Skyrocketing employee costs will leave the city of Pullman feeling the squeeze of budget cuts in 2007, despite some unexpected gains in property and utility taxes.Let's recap shall we? Another $500,000 will have to come out of the city's cash reserves, which will be depleted by 2009 and budget cuts forecast for 2007. This at a time when Pullman is experiencing record growth and construction. The city council last night approved FOUR new subdivisions. And as I reported recently, Pullman will be adding 500 new jobs over the next few years.
Pullman Finance Director Troy Woo wore a dour expression as he gave his mid-year financial report and year-end projections to the City Council Tuesday night, including an estimate the city will end 2006 with about a $500,000 deficit that will have to be covered by cash reserves.
That’s about half the deficit Woo had expected when the budget was adopted in December, meaning the city will end the year with about $2.6 million in its coffers.
That number most likely will drop by about $1 million by the end of 2007, Woo said. He estimated the city’s cash reserves will be depleted by 2009.
Woo’s estimates have historically been slightly more conservative than reality. Expenditures for the first half of the year were about 49 percent of the projections in the 2006 budget. Current estimates put total expenditures for the year at about $12.9 million, or about 96 percent of the $13.4 million budgeted for the year.
Revenues are up slightly because of unexpected bumps in property and utility taxes, largely because of the boom of new construction the city has seen over the last couple of years, Woo said.
Total general fund revenues through June 30 were slightly ahead of projections, coming in at about $6.3 million, or 51.8 percent of budget projections for the year. Woo expects to end 2006 with a total of about $12.5 million, or nearly $300,000 higher than the $12.2 million anticipated when the budget was adopted in December.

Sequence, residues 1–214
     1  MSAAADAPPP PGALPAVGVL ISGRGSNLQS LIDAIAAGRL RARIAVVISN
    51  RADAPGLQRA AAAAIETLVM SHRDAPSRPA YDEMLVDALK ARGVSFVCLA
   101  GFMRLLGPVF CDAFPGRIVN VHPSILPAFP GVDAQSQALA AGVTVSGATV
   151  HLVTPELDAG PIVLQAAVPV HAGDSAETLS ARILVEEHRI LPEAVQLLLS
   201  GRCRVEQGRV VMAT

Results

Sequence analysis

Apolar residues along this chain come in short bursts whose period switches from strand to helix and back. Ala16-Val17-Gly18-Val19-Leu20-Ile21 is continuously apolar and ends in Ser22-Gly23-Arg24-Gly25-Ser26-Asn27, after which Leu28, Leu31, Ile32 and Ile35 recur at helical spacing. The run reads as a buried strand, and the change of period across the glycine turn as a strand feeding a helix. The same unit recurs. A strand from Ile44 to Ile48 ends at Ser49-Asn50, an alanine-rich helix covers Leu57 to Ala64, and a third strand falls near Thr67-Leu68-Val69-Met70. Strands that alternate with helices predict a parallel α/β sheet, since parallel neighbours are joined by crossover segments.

Another positive sign comes from a comparison between 2006 and 2005. By June 30, 2005, revenues were at about 49 percent of projections.
There is little cause for celebration despite some positive gains, Woo said.
“At mid-year, it’s looking like a tough budget year for 2007,” he said.
New construction appears to be slowing, although Woo is hopeful the city will see a bump in sales tax from projects at Washington State University and the Pullman-Moscow Highway expansion. Any construction done within city limits is taxable to the state, and Pullman gets a piece of the pie, he said. The biggest cause for alarm in 2007 is a projected $292,803 increase in employee salaries for cost-of-living raises. Raises are tied to the consumer price index for Seattle-Tacoma-Bremerton, which jumped to 4.6 on July 1, Woo said.
The national consumer price index is 4.2 percent, City Supervisor John Sherman said.
Another $116,397 will pay for 9 percent increases in employee health insurance premiums, and $101,836 will fund state-mandated increases to employee pension schemes.
Woo calculated the city will need to somehow bring in an extra 4.2 percent in income in 2007 to meet its rising employee costs.
“I think it’s more likely (2007) will be a budget that is reduced and not one of expansion,” Woo said.
What's wrong? Simple. Washington has no state income tax, relying instead on property and sales taxes. Property taxes can only go so far, as Pullman is already maxed out on the rates. Sales tax from new construction, as pointed out in the article above, comes and goes in spurts. No, the problem is that Pullman continues to suffer from retail sales tax leakage, which affects the general fund.
Infrastructure demands (streets, sewer, fire, police, etc.) will continue to grow with the increased population and increased work force, but Pullman will continue to fall behind more and more in its budget needs as those residents and workers take their retail sales tax dollars elsewhere.
Simple economics. A Pullman Wal-Mart Supercenter, based on an anti-Wal-Mart group's own numbers, would generate annual sales tax revenue of $552,500. Combine that with annual property tax revenue estimated by the Whitman County Assessor’s Office at $229,000, that's $781,500. Throw in utility, B&O and other taxes, and we're talking about close to a million extra dollars a year for the general fund. Problem solved.
But, not so simple to PARD. They are putting their own left-wing, elitist ideology and intellectual vanity above the city's best interests. If PARD had not appealed the city's decision to approve Wal-Mart, we wouldn't be facing this problem. As it is, the city has already spent $20,000 badly needed tax dollars to fight thie frivilous appeal, with tens of thousands more yet to come.
Be sure to thank a PARDner when the budget gets cut next year.
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